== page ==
There are a few varieties of Malbec based on the region it grows. The two primary regions where this species grows are Argentina and France. Malbec is also one of the species that first grew in Bordeaux, France.
Later, Argentinians started growing Malbec too. This country is considered to have better climate and weather conditions for Malbec. Malbec wine is now very closely associated with Argentina and its winemaking culture.
Malbec was first used in blends. Now, however, it is elevated and sold on its own.
What does Malbec taste like?
The taste of Malbec may also be described as velvety. It is medium tannins and has a very elegant and luxurious-feeling finish. Malbec that is not blended and is a single varietal has a smoky finish that lingers after drinking. It also has a dark colour and a high level of tannins.
Is Malbec dry or sweet?
Malbec is a dry red wine. It has a medium level of acidity and a high level of tannins. Merlot, in comparison to Malbec, may taste sweeter. But this should not lead you to think that Malbec is drier than merlot. The sweetness of Merlot comes from fruits – plums and cherries.
Food Pairing: Is Malbec or Merlot Better with Stake?
If you do not know which food to pair with Malbec or Merlot, keep it easy. Easy food goes well with both of these wines. With this being said, it is still important to know what dishes you can pair with Malbec and Merlot for the ultimate pleasure of taste buds.
If you are having a not-so-fancy evening and serving some pasta, lamb or even pizza, then a light body Merlot is what you need.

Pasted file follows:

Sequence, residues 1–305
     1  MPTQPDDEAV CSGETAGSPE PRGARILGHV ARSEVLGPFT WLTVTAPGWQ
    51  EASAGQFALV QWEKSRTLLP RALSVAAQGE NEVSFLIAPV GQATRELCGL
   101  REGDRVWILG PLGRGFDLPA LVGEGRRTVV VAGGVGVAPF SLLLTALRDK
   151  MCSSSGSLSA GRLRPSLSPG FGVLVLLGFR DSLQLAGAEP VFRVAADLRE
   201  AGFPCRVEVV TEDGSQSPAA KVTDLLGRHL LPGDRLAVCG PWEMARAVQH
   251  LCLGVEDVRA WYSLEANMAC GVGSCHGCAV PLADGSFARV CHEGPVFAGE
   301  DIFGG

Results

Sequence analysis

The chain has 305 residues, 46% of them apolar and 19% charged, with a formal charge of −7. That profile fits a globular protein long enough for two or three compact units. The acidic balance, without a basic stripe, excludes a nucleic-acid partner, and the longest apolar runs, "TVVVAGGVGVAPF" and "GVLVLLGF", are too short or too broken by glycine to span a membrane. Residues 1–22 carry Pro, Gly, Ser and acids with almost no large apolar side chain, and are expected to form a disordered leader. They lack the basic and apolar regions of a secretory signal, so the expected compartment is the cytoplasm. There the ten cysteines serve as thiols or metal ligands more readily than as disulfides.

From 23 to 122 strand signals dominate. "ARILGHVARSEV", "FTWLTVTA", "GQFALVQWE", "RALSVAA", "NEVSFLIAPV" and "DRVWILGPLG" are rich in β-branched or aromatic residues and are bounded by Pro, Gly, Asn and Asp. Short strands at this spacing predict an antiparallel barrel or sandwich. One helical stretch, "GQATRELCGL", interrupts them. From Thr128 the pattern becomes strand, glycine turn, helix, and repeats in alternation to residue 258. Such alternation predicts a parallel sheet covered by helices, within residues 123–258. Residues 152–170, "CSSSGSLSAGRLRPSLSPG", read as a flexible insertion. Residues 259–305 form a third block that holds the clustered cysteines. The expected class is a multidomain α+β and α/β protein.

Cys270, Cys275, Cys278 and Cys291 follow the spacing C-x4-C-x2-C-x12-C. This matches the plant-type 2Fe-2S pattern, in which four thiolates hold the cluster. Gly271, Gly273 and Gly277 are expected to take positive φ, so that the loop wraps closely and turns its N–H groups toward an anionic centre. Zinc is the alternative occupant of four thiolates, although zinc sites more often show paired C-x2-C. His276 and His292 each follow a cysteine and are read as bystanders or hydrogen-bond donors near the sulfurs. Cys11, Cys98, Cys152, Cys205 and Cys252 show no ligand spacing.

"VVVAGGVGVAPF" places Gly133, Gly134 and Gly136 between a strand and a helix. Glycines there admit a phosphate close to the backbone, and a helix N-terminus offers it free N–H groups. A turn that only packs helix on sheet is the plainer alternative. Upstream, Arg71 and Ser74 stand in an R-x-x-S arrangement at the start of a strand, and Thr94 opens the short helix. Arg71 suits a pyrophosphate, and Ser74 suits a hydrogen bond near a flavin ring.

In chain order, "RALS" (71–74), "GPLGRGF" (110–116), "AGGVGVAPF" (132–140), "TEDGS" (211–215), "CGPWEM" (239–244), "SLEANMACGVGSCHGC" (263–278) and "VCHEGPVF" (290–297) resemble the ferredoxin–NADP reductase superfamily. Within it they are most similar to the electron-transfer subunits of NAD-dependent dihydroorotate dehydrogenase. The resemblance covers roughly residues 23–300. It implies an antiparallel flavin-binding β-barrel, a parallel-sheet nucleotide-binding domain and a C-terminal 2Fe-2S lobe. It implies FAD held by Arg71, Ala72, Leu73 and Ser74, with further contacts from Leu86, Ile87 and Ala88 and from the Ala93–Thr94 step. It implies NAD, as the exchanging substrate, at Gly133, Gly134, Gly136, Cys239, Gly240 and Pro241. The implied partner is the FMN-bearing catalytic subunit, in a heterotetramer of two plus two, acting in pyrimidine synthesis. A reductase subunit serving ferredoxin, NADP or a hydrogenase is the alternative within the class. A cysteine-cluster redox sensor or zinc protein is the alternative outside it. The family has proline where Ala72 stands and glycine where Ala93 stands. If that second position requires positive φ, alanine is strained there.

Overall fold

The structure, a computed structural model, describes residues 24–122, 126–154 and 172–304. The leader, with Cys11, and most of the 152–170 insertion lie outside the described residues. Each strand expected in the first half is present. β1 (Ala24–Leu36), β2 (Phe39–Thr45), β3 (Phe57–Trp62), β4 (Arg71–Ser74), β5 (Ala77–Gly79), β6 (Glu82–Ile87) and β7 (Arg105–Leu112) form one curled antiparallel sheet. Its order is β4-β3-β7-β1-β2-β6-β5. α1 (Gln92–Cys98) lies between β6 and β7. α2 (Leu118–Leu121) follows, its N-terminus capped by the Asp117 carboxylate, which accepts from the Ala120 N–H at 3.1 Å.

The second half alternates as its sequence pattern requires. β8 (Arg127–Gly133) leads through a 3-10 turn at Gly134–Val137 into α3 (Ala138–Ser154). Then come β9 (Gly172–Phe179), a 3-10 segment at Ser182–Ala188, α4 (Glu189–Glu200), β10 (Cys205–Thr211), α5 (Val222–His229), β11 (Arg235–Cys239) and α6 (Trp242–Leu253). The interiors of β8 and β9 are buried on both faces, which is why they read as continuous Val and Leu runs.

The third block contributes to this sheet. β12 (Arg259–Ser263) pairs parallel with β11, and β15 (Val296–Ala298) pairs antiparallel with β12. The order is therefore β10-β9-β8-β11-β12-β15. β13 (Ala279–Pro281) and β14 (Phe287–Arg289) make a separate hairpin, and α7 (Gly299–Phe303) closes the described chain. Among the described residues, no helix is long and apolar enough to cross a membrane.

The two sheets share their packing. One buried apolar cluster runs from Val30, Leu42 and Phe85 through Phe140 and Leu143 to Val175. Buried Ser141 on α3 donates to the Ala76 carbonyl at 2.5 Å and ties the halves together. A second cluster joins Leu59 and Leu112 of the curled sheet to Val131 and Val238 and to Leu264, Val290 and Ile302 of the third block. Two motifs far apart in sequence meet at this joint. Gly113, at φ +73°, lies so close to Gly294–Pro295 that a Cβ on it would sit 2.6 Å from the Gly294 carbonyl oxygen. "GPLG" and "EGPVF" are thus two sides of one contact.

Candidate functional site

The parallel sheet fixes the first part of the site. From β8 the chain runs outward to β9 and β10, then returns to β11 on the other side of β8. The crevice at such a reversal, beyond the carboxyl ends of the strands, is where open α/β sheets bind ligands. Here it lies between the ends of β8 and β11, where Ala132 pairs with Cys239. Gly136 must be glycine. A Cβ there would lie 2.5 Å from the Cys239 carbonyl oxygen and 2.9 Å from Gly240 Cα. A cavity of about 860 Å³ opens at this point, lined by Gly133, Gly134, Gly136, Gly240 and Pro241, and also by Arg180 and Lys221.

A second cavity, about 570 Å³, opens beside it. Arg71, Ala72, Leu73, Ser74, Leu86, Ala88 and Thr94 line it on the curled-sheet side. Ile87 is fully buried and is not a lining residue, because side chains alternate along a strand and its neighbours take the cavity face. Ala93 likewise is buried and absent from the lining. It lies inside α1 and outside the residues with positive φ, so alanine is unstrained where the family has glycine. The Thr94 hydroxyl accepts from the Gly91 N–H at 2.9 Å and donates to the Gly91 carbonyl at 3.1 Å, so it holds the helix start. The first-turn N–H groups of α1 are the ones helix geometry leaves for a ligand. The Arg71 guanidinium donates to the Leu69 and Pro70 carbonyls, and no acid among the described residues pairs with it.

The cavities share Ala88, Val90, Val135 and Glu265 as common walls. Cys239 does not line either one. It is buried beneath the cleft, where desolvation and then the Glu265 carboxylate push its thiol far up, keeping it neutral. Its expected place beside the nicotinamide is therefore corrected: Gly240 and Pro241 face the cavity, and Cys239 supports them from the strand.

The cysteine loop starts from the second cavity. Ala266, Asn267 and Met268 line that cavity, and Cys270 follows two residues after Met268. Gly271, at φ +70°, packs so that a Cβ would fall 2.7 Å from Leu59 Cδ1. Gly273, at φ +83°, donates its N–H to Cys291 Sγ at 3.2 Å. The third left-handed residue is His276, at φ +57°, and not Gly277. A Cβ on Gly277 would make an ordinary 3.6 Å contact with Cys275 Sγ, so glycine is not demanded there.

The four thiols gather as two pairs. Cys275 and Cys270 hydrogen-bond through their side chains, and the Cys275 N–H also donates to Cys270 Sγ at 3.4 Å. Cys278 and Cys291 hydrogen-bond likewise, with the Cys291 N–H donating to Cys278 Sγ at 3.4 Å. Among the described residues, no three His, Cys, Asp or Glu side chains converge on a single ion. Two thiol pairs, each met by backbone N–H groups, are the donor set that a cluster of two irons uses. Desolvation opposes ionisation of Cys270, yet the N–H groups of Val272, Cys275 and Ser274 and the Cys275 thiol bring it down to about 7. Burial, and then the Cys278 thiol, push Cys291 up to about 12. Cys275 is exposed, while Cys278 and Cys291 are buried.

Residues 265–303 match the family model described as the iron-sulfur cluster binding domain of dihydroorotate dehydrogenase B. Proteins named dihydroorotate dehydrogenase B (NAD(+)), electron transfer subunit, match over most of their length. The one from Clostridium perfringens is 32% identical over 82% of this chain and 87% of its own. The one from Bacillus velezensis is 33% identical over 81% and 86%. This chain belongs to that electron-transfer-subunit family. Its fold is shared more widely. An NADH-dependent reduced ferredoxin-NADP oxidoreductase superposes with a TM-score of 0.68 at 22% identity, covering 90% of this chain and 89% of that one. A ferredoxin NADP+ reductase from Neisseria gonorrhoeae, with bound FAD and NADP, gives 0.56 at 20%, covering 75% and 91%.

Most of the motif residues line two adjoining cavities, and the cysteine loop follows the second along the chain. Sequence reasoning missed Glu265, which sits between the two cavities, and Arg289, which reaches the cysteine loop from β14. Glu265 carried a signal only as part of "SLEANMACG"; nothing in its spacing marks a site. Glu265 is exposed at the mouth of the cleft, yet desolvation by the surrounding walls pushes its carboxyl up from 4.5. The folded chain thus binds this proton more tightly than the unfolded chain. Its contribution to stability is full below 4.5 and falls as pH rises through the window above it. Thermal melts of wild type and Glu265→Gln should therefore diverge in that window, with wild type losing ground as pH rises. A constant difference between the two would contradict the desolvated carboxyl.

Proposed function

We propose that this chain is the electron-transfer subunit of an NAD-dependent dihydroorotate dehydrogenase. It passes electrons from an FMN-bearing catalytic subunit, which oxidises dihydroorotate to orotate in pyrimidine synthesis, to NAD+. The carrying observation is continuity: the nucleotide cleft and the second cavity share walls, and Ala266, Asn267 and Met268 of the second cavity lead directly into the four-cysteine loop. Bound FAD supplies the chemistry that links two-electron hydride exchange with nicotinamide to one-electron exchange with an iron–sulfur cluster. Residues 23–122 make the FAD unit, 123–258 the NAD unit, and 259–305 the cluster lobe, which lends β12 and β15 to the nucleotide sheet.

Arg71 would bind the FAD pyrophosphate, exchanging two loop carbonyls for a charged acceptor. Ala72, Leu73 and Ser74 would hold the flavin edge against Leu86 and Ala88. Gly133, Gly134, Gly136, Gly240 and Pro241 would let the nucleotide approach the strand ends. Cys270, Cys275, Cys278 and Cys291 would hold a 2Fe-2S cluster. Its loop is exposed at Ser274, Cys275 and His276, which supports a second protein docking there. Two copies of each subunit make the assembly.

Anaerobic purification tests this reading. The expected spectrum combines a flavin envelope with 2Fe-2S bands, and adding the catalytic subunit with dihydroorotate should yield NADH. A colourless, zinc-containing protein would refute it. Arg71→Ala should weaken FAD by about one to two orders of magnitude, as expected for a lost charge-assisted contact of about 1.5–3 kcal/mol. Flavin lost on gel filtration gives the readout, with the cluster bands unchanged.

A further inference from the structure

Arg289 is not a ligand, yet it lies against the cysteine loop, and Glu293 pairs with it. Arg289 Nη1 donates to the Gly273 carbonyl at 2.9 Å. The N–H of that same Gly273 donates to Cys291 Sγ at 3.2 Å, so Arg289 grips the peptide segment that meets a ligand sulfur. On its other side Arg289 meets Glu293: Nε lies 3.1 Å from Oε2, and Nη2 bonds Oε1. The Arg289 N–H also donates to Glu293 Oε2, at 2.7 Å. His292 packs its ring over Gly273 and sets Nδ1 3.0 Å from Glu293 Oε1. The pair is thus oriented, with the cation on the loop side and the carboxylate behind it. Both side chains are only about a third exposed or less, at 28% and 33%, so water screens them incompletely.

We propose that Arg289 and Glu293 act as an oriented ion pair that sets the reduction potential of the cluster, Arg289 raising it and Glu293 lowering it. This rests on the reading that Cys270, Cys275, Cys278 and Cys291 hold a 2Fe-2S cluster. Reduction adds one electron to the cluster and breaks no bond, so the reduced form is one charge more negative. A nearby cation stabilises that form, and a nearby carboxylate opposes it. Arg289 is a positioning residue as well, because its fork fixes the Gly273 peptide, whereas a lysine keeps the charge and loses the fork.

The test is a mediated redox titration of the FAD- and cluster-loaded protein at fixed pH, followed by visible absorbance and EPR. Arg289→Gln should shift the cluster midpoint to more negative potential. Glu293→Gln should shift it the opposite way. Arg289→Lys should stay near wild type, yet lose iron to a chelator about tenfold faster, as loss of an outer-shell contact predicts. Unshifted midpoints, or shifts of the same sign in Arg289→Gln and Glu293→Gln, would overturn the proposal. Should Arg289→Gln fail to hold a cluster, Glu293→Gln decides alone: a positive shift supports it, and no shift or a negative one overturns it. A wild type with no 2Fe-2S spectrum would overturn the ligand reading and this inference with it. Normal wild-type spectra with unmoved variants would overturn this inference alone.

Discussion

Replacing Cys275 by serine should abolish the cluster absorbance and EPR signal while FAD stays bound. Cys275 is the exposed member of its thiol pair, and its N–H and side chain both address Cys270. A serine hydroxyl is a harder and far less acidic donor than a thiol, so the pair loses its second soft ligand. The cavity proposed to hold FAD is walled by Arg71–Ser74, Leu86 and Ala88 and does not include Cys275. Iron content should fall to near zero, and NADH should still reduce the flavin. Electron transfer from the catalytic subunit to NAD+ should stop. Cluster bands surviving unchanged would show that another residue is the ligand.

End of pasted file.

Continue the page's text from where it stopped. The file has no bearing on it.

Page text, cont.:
As a companion to a flavourful steak with roasted vegetables, a medium-bodied Merlot will be perfect.
As for Malbec, a young bottle of wine will become the star of the dinner if you are having pasta with meatballs. However, if you have a bottle of a well-aged expensive Malbec, do not hesitate to sip on a glass of this dry red wine with steak or beef barbeque.
Malbec vs Merlot vs Shiraz
Shiraz, also known as Syrah, is the most popular species of grape in Austalia. However, just like Merlot and Malbec, it originates from France, from the Rhône Valley.
Shiraz can be paired with a diverse range of cuisines. You can enjoy it with Lebanese shawarma or some Asian pork dishes, with Greek gyros and meats prepared in Indian style.
What brings all the three wines together, is the plum note. Shiraz wine has a black plum flavour along with tobacco and green peppercorn. It also has a ‘berry’ touch to it, but unlike Malbec that has a blackberry flavour, this popular wine has blueberry notes. Milk chocolate flavour completes the taste and makes it more pleasant to the palate.
Shiraz is similar to Malbec and Merlot in terms of tannins. Like the other two, it has medium to high tannins, which is an indicator of both bitterness of the wine and its complexity. The alcoholic content ranges from 13.5% to 15%.
Just like Malbec, Shiraz is a dry wine with medium to a low level of acidity, as opposed to Merlot which is bone-dry and has medium acidity.
Malbec vs Merlot vs Pinot Noir
As opposed to Malbec and Merlot, the origins of which come from Bordeaux, Pinot Noir come from the Burgundy region (France). It grows in many countries, including New Zealand and Australia. Just like Merlot, it grows well in places where the weather is cooler.
What Pinot Noir has in common with Merlot and Malbec, are the plum notes. However, it also has a flavour of raspberries. Cherry hint is present both in Pinot Noir and Merlot.
- Two of the primary notes of Pinot Noir that are absent in the two other wines are mushroom and hibiscus.
- As for the colour, Pinot Noir is lighter.
- As opposed to Merlot and Malbec, Pinot Noir has a low level of tannins and medium to high acidity.
- Like Malbec, Pinot Noir is a dry wine. Not as dry as Merlot, but definitely not sweet in the slightest.
One thing that all these wines have in common is the medium to full body. This indicates that they contain 12.5% to 15% of alcohol content.
Unlike Malbec and Merlot, Pinot Noir is a frequent companion to fish and Japanese cuisine. If you didn’t know what to pair with sushi rolls, Pinot Noir it is.